MARQUETTE COUNTY, Mich. (WJMN) – Eight counties in the Upper Peninsula are under a state of emergency declaration after a rapid spring warm-up caused the snowpack to melt and eventual flooding and other related issues. Following a historic snowstorm earlier this week, warmer weather and the potential for more rain, officials are preparing for the possibility that water levels could rise rapidly again.

We spoke with Marquette County Administrator Scott Erbisch about the latest concerns.

“Things were moving forward pretty well. We were getting all the damage report assessments completed. We were tallying all of that up and working with various municipalities, emergency management with the state of Michigan and other agencies as well. Clearly our most recent spring storm threw us a curve with the heavy wet snow which was laden with water. That has added more concern where we might be headed with additional flooding,” said Erbisch.

The National Weather Service (NWS) confirms areas of possible flooding concern are:

  • Michigamme River in Western Marquette County 
  • Dead River in Marquette County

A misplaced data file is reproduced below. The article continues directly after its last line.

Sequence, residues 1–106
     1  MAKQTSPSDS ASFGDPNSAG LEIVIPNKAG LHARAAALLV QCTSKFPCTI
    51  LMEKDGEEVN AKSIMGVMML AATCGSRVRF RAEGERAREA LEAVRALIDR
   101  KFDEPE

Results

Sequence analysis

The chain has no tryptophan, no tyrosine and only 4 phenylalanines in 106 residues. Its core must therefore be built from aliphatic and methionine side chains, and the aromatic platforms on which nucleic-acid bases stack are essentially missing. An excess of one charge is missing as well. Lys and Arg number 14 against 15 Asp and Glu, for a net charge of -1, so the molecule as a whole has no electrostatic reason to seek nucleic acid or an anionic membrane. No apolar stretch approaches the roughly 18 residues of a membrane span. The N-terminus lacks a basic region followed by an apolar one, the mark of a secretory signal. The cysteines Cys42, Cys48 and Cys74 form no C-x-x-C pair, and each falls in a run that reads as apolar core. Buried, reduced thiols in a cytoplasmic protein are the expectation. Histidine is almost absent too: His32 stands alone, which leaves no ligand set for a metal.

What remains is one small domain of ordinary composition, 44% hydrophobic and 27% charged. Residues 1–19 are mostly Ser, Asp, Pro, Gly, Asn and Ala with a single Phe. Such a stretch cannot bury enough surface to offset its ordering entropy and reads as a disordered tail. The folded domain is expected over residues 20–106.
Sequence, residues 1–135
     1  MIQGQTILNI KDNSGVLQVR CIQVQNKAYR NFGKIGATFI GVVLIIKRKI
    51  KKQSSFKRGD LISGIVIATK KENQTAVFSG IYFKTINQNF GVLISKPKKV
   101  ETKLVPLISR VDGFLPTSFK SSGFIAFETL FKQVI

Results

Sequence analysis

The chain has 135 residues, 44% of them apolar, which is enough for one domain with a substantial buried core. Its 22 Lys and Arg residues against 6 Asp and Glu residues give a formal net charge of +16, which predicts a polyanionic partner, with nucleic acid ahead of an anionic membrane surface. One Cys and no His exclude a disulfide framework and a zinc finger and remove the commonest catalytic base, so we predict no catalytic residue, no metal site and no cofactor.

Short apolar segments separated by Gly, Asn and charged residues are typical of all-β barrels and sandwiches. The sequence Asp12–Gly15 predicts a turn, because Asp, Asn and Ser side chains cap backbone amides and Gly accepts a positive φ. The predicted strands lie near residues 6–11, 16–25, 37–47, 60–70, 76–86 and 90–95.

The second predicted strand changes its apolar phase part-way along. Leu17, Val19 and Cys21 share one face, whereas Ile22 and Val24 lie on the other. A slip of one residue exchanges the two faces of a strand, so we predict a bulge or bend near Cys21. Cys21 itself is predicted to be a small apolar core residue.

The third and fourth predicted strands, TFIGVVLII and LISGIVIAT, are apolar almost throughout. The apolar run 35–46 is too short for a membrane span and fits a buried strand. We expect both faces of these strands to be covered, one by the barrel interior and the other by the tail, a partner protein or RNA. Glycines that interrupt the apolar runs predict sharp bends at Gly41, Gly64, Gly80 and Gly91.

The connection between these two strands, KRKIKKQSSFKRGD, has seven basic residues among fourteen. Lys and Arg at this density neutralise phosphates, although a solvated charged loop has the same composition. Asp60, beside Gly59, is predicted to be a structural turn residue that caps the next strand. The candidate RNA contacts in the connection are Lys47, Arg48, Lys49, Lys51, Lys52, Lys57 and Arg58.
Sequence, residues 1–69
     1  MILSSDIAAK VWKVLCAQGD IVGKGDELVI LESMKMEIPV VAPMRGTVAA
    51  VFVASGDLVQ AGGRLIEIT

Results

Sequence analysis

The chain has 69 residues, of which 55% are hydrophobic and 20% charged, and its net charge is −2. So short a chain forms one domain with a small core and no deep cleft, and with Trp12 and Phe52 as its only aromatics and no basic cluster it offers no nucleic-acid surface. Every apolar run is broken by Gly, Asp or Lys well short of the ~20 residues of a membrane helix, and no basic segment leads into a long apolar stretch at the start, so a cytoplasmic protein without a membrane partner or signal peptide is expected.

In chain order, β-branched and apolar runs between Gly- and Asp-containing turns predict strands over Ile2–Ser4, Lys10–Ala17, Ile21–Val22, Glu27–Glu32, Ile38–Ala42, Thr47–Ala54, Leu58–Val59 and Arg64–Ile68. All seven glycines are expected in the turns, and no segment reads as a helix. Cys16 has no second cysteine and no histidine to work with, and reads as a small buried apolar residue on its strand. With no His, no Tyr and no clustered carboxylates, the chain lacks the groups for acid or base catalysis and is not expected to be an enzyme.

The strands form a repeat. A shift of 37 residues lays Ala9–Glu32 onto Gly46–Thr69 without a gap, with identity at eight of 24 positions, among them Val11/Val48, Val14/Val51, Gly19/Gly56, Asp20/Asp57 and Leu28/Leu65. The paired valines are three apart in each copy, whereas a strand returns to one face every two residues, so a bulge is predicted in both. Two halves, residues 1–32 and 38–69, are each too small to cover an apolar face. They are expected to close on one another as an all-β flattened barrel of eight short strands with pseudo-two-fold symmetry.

• Middle Branch of the Escanaba River in Humbolt 
  • East Branch of the Escanaba River in Gwinn 

The NWS also confirms there is ongoing flooding over Feather Ridge Road near the Crossroads from outflow from Lake Pelissier. 

Erbisch said in the area that the Marquette County Road Commission monitors, there is already an estimated $4.7 million dollars in infrastructure damage.

Flooding and road damage are just part of the equation. Officials are also still collecting reports of home and property damage.

“We are operating, we’ve been advised that we’re operating under the initial emergency declaration under the governor. It would still be important to document with photographs and dates and times as well as you identify the damage,” said Erbisch.

Any additional damage from flooding would still need to be reported under the same state of emergency declaration.

You can also dial 2-1-1 to speak to someone and file your report that way.

If you do experience several feet of flooding in your basement, in the video above, Erbisch stressed the importance of not draining the water all at one time.